Baking by Hand, a new cookbook by Andy and Jackie King on making artisanal breads and pastries without a mixer, is a beautiful book. It reflects the King’s love and passion for baking and for one another. In the introduction, Andy writes about how they each purchased the same coffee table baking book for one another as a Valentine’s Day gift. This couple was made to be together and bake together.
The book is not only warmed with personal stories, advice, and anecdotes, it’s also a visual a work of art. The matte finish on the book’s cover and throughout softens the beautiful images and the use of fall accent colors—soft yellow, beige, nutmeg, pumpkin orange—makes you want to sit down with the book and a warm cup of tea and spend the afternoon savoring it.
The Kings run A&J King Artisan Bakers, in Salem, Mass., where they specialize in handmade breads and pastries. These bakers spent their first baking years learning their craft at Portland, Maine’s Standard Baking Company, one of the best in the country. And they bring a wealth of experience in making bread and pastries by hand to home cooks.
The authors start by telling readers the essential tools they’ll need for bread and pastry making—and how to adapt everyday objects that’ll turn the home kitchen into a bake shop. For instance, they explain how to use a baking stone and an old cast iron pan filled with water to transform any home oven (gas or electric) into the perfect hot, humid environment for baking perfect artisan breads. I have long believed to make crusty, artisan breads, I’d have to build one of those bee-hive ovens in my backyard. Now I find all I have to do is use a baking stone and a cast iron pan. That information alone is worth the price of the book!
Next, the Kings explain the science behind baking—how ingredients like different flours, yeast, and water work together to create bread. They explain the why behind the science of baking without making it too complicated. This section, like all of Baking by Hand, is accessible and easy to understand. I’m not a baker and yet I found the information they present makes perfect sense, is easy to understand, and perhaps most important, is really interesting.
The next chapter is all about the book’s premise: using your own hands to create breads and pastries. Realfoodtraveler.com Editor and Co-founder, Anne Weaver, who spent time as a bread baker in a natural foods bakery and makes bread only using her hands, often tells me, “You can feel when a dough is right.”
I don’t have Anne’s experience as a baker or her tactile sense for bread baking, but, after reading the “Your Hands” section that includes their “four-fold method,” I’m pretty confident I, too, can develop the baker’s sense of when my dough is “right.” As they tell readers, “Bake enough and your dough will tell you exactly how it’s doing right when you lay your hands on it.”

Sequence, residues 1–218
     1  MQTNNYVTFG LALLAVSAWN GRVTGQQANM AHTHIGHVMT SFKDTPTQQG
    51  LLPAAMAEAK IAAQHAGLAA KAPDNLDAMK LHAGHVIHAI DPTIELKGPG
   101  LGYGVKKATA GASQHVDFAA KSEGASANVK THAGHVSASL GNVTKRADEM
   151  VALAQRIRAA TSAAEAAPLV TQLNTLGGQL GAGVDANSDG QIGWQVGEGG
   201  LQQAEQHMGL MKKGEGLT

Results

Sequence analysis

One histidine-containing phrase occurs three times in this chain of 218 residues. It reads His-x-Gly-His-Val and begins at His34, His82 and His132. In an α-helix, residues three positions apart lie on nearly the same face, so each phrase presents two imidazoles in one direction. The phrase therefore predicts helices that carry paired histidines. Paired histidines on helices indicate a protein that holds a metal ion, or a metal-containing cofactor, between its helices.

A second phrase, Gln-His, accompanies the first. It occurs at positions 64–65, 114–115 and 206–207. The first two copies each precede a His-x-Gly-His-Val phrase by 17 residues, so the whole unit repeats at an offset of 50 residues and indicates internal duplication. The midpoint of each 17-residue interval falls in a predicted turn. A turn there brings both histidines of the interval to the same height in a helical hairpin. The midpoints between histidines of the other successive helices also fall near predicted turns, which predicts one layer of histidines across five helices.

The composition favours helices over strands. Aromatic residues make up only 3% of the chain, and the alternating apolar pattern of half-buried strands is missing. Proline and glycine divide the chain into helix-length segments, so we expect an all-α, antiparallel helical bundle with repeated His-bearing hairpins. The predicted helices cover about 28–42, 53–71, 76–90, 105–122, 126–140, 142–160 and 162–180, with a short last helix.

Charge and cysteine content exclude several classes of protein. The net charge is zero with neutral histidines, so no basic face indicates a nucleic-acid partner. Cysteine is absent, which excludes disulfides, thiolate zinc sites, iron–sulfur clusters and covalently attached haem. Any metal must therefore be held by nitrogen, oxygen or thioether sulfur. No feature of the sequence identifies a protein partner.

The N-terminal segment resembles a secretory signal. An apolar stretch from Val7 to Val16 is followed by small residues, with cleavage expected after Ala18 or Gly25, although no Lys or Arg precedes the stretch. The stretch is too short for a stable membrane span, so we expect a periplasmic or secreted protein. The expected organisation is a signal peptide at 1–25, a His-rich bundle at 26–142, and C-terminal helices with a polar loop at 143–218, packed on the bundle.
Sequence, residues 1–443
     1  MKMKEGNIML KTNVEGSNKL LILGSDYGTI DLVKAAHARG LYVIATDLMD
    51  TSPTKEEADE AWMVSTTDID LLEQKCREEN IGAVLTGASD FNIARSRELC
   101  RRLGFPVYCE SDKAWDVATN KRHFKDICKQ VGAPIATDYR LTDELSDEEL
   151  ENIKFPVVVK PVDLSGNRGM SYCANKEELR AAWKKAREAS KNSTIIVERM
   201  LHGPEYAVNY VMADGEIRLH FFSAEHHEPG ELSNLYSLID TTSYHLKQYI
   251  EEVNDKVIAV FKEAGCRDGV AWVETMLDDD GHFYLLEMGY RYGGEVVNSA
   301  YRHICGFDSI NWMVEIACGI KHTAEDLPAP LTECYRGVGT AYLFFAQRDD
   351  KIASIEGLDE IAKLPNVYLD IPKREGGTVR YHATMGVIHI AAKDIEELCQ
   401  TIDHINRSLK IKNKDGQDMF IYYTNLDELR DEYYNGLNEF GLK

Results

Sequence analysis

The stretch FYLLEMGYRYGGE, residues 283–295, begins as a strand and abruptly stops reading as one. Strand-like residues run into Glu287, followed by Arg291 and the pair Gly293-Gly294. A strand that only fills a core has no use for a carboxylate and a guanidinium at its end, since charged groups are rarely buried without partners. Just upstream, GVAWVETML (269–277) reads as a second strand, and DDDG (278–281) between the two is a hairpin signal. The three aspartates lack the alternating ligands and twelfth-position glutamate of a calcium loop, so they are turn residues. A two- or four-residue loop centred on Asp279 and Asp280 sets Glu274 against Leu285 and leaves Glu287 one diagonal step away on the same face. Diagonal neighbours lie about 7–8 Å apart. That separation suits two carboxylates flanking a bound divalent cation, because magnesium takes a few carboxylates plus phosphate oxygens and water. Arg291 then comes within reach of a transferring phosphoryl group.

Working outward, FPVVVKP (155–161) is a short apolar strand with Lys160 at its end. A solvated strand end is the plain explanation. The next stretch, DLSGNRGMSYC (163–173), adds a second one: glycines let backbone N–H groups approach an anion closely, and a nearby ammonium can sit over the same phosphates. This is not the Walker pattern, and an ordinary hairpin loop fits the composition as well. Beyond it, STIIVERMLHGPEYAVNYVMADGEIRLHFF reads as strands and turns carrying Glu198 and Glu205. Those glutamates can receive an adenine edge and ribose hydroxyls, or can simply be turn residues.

Baking by Hand is divided into the PM Baker and the AM Baker, breads and pastries made by the bakery’s staff in the evening or in the morning. In the PM Baker bread chapter, the authors unpack the mysteries of sourdough, including disspelling common myths about sourdough starter like never washing the starter container. They include how to make sourdough culture (it’s pretty easy). And explain (again simply) the fermentation process and how proper fermentation is essential to creating good bread.
A.M./P.M. Bread and Pastries
Throughout the book, the Kings offer plenty of delicious bread recipes, including poached garlic sourdough, toasted walnut sourdough, brown ale and barley bread, French baguettes, fougasse (holy hearth bread), fococcia and many more. For each recipe there’s an overview that includes yield, desired dough temperature, and fermentation, proofing, mixing, baking, and cooling times. They also include 12 Hours Before the Bake and Baking Day tasks and ingredients so you won’t be caught halfway through a baking project unprepared.
The pastry section is similarly divided into PM and AM sections with the AM portion offering recipes and techniques for croissants, sticky buns, and bread pudding; the PM section including crusts, seasonal sweets, and savory tarts. Pastry recipes include delectable treats like almond and chocolate croissants (pain au chocolat), cinnamomy sticky buns, caramel-bourbon-pecan bread pudding, pear-caramel pie, chocolate-coconut-macadamia tarts, and savory pancetta and asparagus tarts. The pastry recipes have a more simplified layout that incudes yield, ingredient list, and instructions.
Between the bread and pastry sections, they offer a chapter called The Baker’s Lunch: Sandwiches and delicious, from-scratch fillings, on creative sandwiches. It includes recipes from the Vietnamese banh mi, to the classic cran-turkey, and roast beef with pickled onions and oven-dried tomatoes. They also offer a scattering of recipes for making pickles—dill-mustard, spicy garlic sours, bread and butter, smoky-sweet-spicy, and sweet lemon-basil.
I usually prefer photo-centric cookbooks with an individual photo for each recipe and Baking by Hand doesn’t have that. They do have plenty of photos for techniques so you have a real sense of the how-to’s. And they have scattered enough photos—gorgeous photos from Eric Laurtis Photography—throughout the book to make me want to fly to Salem immediately to buy their bread and pastry goodies and try their many recipes and techniques myself.
Real Bottom Line: If you want a book that will empower you to create your own handmade artisan breads and pastry, look no farther than Baking by Hand by veteran bakers Andy and Jackie King. This book is amazingly accessible and easy to understand. The lay-flat book binding means you won’t be fighting to keep this book open as you try these recipes. Taking the time to work through Baking by Hand and bake some of their recipes like I did will make you a better baker. It’s a delicious journey you’ll love. – Bobbie Hasselbring, RFT Editor